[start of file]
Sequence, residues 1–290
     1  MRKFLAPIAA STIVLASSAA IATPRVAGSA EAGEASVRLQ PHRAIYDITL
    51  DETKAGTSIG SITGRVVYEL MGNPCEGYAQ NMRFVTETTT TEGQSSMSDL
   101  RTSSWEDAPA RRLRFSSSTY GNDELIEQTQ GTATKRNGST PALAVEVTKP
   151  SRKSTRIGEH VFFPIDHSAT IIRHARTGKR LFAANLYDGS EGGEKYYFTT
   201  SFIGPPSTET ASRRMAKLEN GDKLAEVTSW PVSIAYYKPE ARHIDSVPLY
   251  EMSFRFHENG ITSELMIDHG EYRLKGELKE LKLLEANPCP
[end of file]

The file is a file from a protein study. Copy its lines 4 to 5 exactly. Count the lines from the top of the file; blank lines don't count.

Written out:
   101  RTSSWEDAPA RRLRFSSSTY GNDELIEQTQ GTATKRNGST PALAVEVTKP
   151  SRKSTRIGEH VFFPIDHSAT IIRHARTGKR LFAANLYDGS EGGEKYYFTT